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A very unique addition to Portland, Oregon’s sex-positive culture is scheduled to open its doors this month. Founded by Miss Pixie Fyre, a professional Dominatrix and proprietress of House of Fyre events, Moonfyre Cafe will be Portland’s first ever coffee and kink shop.

Moonfyre Cafe will not be the first of its kind in the nation, as San Francisco already has their own spin on the kink cafe, Wicked Grounds. But it will be the first to open its doors in Portland, joining a number of kink friendly and sex-positive venues that already exist in the area.

The founder and I chatted about making a kink cafe a safe space for kinky and vanilla patrons alike, how Pixie cultivates connection and acceptance in her popular local Fetish Nights, and the ways that Moonfyre Cafe will be propelling the sex-positive revolution forward.

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Tell me about Moonfyre Cafe and what makes it special.

Moonfyre is a cafe for kinky people. I have no intention of hiding that. But I do want to present it in a way that’s accessible. I want our atmosphere to be comfortable and welcoming. I want guests that  walk in the door who seem uncomfortable, to be met by trained staff members who can welcome them.

I started this at my Fetish Night. There is never a person who comes to Fetish Night who is not personally greeted by me and the rest of my staff. We are keen to facilitate friendships and connections and conversations, and inspire a sense of negotiation that can be used for pickup play. For people who are playing publicly [for the first time] that’s a really big deal. Conversationally, those people often resort to, “um…I’m kinky!” [laughs] And I remember that moment. I remember that fear of rejection. I remember the, “oh my gosh, what am I gonna see?”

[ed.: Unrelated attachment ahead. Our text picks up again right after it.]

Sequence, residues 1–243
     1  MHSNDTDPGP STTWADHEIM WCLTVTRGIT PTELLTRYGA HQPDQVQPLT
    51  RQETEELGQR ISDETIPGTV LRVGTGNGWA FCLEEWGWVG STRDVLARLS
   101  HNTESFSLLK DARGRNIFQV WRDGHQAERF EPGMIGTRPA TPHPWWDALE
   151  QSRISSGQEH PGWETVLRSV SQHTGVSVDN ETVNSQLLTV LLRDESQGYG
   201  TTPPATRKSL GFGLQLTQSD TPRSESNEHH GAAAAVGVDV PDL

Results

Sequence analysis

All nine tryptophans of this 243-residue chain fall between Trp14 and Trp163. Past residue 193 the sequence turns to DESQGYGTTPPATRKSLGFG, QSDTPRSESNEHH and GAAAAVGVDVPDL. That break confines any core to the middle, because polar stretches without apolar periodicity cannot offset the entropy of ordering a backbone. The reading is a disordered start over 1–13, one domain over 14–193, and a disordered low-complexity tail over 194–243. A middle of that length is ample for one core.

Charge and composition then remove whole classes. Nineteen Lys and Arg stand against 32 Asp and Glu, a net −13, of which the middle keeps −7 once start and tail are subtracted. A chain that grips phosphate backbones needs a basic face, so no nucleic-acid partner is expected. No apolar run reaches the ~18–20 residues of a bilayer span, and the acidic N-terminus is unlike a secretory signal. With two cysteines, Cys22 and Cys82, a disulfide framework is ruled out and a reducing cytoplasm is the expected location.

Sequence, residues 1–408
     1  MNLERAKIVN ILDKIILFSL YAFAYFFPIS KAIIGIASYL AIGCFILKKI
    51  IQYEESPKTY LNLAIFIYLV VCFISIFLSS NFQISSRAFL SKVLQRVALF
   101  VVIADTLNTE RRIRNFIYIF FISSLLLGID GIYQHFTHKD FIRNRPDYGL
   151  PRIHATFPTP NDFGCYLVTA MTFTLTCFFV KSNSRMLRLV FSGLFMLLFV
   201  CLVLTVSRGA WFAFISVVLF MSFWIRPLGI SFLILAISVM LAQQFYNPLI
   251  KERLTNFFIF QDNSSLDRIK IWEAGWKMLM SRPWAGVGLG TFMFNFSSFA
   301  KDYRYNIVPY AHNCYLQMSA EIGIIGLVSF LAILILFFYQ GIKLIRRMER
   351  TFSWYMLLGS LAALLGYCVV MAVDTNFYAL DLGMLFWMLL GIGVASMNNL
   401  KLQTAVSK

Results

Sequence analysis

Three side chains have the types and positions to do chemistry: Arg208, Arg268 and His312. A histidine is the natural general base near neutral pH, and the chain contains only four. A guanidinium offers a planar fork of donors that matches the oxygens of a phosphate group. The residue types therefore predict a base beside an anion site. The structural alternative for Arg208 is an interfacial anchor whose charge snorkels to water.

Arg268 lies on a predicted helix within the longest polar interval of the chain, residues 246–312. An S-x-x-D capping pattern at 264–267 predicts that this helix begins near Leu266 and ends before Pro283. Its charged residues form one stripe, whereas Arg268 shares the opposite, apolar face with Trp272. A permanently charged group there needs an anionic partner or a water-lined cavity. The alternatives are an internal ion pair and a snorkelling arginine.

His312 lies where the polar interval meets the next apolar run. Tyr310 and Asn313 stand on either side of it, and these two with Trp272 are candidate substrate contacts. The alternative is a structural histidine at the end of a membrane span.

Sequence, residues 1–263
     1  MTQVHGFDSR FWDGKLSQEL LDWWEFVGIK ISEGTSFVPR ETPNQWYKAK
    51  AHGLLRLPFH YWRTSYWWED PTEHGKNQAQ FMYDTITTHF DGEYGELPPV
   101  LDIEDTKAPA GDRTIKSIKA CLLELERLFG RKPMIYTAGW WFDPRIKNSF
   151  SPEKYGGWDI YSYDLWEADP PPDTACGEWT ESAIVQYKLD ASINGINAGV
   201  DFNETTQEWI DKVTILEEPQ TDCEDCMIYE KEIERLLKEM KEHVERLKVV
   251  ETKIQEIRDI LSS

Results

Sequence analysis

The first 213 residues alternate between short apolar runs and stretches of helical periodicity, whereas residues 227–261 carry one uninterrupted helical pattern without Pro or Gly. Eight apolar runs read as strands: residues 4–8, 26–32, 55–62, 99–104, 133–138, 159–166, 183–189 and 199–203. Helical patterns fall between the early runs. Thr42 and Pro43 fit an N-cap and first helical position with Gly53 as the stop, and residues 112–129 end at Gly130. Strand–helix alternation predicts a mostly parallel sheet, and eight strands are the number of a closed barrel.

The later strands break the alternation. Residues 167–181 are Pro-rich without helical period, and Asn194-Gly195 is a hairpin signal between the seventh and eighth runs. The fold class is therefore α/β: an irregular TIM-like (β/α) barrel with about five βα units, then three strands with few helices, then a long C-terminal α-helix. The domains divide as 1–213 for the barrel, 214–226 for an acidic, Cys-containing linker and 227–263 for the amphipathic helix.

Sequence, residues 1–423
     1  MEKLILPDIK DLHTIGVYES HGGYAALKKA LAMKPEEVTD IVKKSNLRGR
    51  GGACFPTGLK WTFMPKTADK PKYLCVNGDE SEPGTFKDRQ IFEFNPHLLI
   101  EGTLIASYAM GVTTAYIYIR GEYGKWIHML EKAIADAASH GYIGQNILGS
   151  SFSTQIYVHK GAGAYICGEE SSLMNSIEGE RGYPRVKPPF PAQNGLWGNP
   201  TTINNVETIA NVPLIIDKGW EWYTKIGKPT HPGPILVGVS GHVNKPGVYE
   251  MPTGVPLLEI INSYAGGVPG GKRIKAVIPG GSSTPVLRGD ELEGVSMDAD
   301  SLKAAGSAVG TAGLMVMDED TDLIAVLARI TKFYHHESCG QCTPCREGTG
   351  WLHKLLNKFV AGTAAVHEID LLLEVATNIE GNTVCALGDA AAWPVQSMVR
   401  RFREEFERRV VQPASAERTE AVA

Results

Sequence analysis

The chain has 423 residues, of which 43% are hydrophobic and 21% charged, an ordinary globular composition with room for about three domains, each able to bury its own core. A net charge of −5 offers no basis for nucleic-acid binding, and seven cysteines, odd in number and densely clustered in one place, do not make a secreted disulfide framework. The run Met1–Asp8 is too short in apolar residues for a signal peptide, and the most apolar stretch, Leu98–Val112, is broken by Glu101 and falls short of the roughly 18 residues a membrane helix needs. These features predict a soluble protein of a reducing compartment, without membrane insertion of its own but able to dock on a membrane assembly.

What can I react to? What can’t I react to?

I’m the hostess, but I provide so much more. I like to make people feel welcome. One of my favorite things is when people [at Fetish Night] say, “this was my first event. I’ve been going strong ever since for two years.” I want to be able to continue to provide that. Not many people have a home base.

I want [every experience I facilitate] to be authentic. I want it to be safe. And I want to be able to set that example [at the cafe] so that people feel comfortable and want to come in and take a look.

So is Moonfyre going to be 18+?

Yes, Moonfyre has to be 18+. That’s one of the restrictions that do exist here, you have to be over the age of 18 legally to be able to consent to this type of play and this type of exposure, and to then have the potential to go into areas where nudity will be allowed.

There will not be alcohol served on site which was a very deliberate choice. We believe that the best (and safest) play experiences are done with clear mind and body. We advocate education and safety. It’s our responsibility to provide the safest environment for our guests that we possibly can.

I know a lot of people who are 18 and wanting to explore their sexuality, and they are absolutely allowed to do it. I think that that is also a very critical time for learning safety and consent, the art of negotiation, setting limits, and establishing boundaries. So that is a demographic that I want to make sure is included. It’s an age group that I think is crucial to integrate into our community very quickly. These are the people who it’s important to connect with, to be able to provide them with a community of people who can support them.